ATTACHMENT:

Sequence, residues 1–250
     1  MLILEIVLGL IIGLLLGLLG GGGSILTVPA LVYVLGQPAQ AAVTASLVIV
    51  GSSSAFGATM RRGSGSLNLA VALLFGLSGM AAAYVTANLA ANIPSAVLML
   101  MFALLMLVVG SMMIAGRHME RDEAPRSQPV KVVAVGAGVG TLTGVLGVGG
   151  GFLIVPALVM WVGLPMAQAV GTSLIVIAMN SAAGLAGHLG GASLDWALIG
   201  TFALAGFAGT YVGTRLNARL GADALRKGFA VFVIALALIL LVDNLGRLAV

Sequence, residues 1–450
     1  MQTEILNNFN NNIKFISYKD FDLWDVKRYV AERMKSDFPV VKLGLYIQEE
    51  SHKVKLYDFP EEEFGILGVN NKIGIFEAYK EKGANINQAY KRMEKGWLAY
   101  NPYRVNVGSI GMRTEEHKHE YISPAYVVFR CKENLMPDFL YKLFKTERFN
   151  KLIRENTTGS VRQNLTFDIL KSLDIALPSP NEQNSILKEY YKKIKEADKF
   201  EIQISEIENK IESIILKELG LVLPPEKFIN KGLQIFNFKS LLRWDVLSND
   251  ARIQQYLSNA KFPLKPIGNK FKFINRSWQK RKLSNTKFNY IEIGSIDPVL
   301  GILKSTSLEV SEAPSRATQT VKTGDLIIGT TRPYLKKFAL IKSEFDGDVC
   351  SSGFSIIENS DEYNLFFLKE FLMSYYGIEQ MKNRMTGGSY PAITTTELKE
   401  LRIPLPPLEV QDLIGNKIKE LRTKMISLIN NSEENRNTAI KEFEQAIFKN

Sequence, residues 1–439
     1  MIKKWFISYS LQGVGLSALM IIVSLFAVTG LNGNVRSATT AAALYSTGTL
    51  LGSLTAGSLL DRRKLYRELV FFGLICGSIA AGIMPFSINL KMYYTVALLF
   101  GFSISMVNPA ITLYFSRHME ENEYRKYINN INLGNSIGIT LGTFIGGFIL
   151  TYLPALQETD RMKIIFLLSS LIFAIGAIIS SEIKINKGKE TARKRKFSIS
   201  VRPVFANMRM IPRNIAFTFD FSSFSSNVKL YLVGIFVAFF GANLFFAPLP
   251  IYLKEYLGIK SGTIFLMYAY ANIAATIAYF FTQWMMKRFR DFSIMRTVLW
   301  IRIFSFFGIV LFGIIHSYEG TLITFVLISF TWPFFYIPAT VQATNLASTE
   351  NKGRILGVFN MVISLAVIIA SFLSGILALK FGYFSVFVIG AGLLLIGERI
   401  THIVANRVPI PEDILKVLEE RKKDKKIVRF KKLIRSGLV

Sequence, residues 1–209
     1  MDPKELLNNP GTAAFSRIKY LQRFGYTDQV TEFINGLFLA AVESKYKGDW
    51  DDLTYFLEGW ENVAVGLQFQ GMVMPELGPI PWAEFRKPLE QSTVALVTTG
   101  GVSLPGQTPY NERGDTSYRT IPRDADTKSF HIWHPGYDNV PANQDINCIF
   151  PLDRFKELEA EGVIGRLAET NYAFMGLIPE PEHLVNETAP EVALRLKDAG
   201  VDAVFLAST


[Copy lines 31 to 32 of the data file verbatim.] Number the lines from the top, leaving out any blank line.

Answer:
   151  PLDRFKELEA EGVIGRLAET NYAFMGLIPE PEHLVNETAP EVALRLKDAG
   201  VDAVFLAST